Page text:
Don’t say you’re mad at something someone did or said when it’s really something else that upset you.

Being Direct

Similar to being honest, being direct is a healthy way to express anger.

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Don’t talk around something that is making you angry. Don’t say that one thing is making you angry when it’s really something else, and don’t stack items on top of each other so you can unload on someone about 10 different things 6 months from now.

Be direct and upfront about what is making you angry. Ensure you are expressing your anger to the person who upset you or you are angry at, not to someone else. This is very counterproductive.

Being Timely

When something makes you angry, it’s much better to express it in a timely manner. Don’t keep it bottled up inside of you, as that’s only going to do more harm than good.

Think of the marriages that seem to go up in flames out of nowhere when the reality is someone kept quiet for years until they hit their breaking point.

Expressing anger as it occurs is a much healthier way of using anger to help us guide our relationships in the moment.

How to Deal With Anger

If you feel angry, how should you deal with it right at that moment?

1. Slow Down

From time to time, I receive an email at work that makes me so angry that steam is probably pouring out of my ears.

In my less restrained moments, I have been known to fire off a quick response, and that typically has ended about as well as you might imagine.

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When I actually walk away from my computer and go do something else for a while, I am able to calm down and think more rationally. After that happens, I am able to respond in a more appropriate and productive manner. Doing things that helps you learn how to release anger can make an uncomfortable situation more manageable before it gets out of hand.

2. Focus on the “I”

Remember that you are the one that’s upset. Don’t accuse people of making you upset because, in the end, it’s your response to what someone did that really triggered your anger. You don’t want to place blame by saying something like “Why don’t you ever put away your dishes?” Say something more like “Having dirty dishes laying on the counter upsets me—can you work with me to come to a solution?”

When you are accusatory towards someone, all that does is increase the tension. This doesn’t usually do anything except make your anger rise higher.

3. Work out

When learning how to deal with anger, exercise is a great outlet. If something happens that angers you, see if you have the opportunity to burn off some of the anger.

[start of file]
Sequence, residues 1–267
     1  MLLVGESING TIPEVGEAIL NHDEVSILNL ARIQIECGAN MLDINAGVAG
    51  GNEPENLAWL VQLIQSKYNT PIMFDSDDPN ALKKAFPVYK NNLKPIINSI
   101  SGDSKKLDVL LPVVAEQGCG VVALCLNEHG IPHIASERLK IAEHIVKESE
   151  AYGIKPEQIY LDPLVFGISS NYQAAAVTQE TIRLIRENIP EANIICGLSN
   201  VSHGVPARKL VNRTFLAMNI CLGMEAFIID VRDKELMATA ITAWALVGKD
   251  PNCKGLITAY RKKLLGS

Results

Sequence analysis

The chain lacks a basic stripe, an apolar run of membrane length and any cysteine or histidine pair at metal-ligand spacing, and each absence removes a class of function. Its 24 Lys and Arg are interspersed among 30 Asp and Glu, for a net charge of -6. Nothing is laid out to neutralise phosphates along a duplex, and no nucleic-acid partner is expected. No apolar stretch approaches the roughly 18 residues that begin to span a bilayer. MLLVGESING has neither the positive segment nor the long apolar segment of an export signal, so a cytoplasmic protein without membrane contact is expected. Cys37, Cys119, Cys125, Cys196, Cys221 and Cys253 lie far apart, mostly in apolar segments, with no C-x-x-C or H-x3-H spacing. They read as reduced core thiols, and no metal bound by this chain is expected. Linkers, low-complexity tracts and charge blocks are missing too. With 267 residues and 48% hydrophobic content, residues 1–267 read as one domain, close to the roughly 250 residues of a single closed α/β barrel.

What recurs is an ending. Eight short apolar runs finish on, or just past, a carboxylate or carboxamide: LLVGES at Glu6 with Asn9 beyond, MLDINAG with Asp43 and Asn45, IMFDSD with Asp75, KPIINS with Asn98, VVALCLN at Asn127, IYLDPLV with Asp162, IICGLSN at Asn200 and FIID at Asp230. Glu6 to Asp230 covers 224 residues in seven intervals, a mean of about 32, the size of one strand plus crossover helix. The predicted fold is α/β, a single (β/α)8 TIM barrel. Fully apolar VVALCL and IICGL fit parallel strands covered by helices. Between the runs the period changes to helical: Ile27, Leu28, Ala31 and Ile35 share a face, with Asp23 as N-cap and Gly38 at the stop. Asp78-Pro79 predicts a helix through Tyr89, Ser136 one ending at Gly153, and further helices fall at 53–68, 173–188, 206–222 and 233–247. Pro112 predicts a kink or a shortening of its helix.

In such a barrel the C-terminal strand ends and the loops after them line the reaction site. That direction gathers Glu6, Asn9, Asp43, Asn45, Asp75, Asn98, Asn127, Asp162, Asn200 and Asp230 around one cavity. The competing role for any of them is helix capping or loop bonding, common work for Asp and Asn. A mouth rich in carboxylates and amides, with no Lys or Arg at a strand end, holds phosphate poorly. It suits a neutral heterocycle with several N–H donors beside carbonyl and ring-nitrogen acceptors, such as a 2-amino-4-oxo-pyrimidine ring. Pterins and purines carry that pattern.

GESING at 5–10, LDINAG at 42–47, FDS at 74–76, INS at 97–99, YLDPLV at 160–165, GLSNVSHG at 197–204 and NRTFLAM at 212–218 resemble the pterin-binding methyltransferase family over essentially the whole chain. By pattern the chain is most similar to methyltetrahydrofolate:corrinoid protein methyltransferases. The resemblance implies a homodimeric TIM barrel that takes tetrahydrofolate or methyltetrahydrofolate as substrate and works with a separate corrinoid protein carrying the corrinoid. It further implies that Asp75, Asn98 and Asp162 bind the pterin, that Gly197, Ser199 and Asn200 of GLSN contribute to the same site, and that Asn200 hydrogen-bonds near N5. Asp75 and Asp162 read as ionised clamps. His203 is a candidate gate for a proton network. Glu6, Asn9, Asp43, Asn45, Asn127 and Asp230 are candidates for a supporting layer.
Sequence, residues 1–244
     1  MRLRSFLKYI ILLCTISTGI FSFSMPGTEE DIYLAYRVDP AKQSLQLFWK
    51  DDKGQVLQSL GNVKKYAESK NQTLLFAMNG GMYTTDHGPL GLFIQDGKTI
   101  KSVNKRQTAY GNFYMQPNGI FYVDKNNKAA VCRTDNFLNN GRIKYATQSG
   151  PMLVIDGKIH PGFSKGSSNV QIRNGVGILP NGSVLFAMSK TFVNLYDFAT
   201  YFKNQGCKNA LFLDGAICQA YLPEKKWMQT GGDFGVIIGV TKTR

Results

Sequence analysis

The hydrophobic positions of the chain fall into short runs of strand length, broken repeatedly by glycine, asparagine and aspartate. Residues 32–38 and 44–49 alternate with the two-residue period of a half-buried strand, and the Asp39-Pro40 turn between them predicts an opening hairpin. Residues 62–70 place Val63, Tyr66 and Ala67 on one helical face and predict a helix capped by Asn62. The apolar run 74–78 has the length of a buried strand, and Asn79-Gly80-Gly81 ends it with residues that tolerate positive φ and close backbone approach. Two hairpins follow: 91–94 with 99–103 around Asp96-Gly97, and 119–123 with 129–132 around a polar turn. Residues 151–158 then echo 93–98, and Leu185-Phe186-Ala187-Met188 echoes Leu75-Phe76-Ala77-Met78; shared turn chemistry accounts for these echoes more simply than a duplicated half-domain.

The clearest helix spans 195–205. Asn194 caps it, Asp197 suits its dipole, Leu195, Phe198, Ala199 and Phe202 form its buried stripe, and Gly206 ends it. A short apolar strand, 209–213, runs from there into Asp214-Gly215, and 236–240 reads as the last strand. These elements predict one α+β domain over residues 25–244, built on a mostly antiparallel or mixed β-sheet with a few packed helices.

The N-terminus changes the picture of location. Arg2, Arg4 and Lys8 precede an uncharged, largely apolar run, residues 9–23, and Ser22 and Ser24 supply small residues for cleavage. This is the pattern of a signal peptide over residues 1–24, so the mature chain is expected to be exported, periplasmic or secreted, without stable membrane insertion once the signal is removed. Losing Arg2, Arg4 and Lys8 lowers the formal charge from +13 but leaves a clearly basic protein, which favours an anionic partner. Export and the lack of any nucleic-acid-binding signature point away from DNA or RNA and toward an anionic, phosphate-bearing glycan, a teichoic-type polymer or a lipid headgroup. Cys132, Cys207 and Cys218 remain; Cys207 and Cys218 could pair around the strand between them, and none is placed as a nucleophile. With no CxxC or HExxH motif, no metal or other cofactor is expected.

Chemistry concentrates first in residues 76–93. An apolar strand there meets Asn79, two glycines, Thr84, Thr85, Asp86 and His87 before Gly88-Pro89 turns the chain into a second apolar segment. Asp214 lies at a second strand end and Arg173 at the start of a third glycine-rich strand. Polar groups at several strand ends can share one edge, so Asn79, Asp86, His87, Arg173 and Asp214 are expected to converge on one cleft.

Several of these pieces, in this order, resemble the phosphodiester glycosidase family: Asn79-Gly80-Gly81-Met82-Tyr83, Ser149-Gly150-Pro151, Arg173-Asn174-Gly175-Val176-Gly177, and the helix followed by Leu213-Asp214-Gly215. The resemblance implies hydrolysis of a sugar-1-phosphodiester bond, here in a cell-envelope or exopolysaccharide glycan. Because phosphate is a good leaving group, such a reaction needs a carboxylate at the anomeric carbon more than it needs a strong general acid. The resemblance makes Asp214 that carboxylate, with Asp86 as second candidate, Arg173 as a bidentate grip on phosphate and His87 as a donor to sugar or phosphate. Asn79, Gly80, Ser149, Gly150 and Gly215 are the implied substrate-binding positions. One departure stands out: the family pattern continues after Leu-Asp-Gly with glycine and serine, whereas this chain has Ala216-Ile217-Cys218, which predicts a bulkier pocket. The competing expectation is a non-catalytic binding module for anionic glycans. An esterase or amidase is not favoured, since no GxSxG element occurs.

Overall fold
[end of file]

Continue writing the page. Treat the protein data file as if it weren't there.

Being able to hit the gym to get a hard workout in is great. If this isn’t an option, see if you can go for a run or a bike ride. If you are at work when you become angry and the weather permits, at least go outside for a brisk walk.

Besides working some of your anger out through exercise, this also helps to give your mind a chance to work through some ways to address what it is that upset you.

4. Seek Help When Needed

There are times when we could all use some help. Life can be stressful and overwhelming. It’s perfectly fine to seek some help from a mental health professional if it will help you get back to a healthy balance.If you find that you are angry all the time, it might be a good idea to go talk to an expert about learning to control intense emotions. They can give you some sound advice and ideas on how to get your anger to a more manageable and healthy level.

5. Practice Relaxation

We all seem to lead incredibly busy lives, and that’s a good thing if we are loving the life we are living. That being said, it is very beneficial to our physical and mental well-being to take time out for relaxation.

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That can mean spending time doing things that help us calm down and relax, like being around people we enjoy, practicing deep breathing or listening to music. It could be making time for things that help bring us balance like a healthy diet and physical activity.

Many people incorporate techniques such as yoga and meditation to calm their minds and release tension when learning how to deal with anger. Whatever your choice is, ensure you take time out to relax when warning signs of anger start to bubble up.

6. Laugh

Incorporating humor and laughter on a regular basis will help keep anger in check and help you get over a bad mood and feelings of anger more quickly. This isn’t part of formal anger management techniques, but you’ll be surprised by how well it works. Remember, life is a journey that’s meant to be enjoyed fully along the way through healthy emotion. Make sure you take time to laugh and have fun.Surround yourself with people that like to laugh and enjoy life. Don’t work at a job that just causes you stress, which can lead to anger. Work at something you enjoy doing.

7. Be Grateful

It’s easy to focus on the bad in life and the things that cause us negative emotions. It’s vitally important to remind ourselves of all the wonderful things in life that bring us positive emotions, things that we easily forget because we get caught up in the whirlwind of day to day life.

Take time out each day to remind yourself of a few things you are grateful for in order to help you learn how to release anger and invite in more positive feelings.

Final Thoughts

Life can be overwhelming at times. We seem to have constant pressure to achieve more and to always be on the go or motivated. People we are around and situations we are in can cause stress, anger, and negative emotions. At times, it can seem to be too much, and we get angry and our emotions start to get out of control.

During these times, keep in mind that life is an incredible journey, full of wonder and things that bring you joy. When you find yourself angry more often than is healthy, take time out to remember the good things in life—the things that we seem to forget yet bring us so much positive energy and emotions.

Use some of the tips included here to help with how to deal with anger and better control your emotions.

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More Resources on Anger Management

Featured photo credit: Andre Hunter via unsplash.com

Reference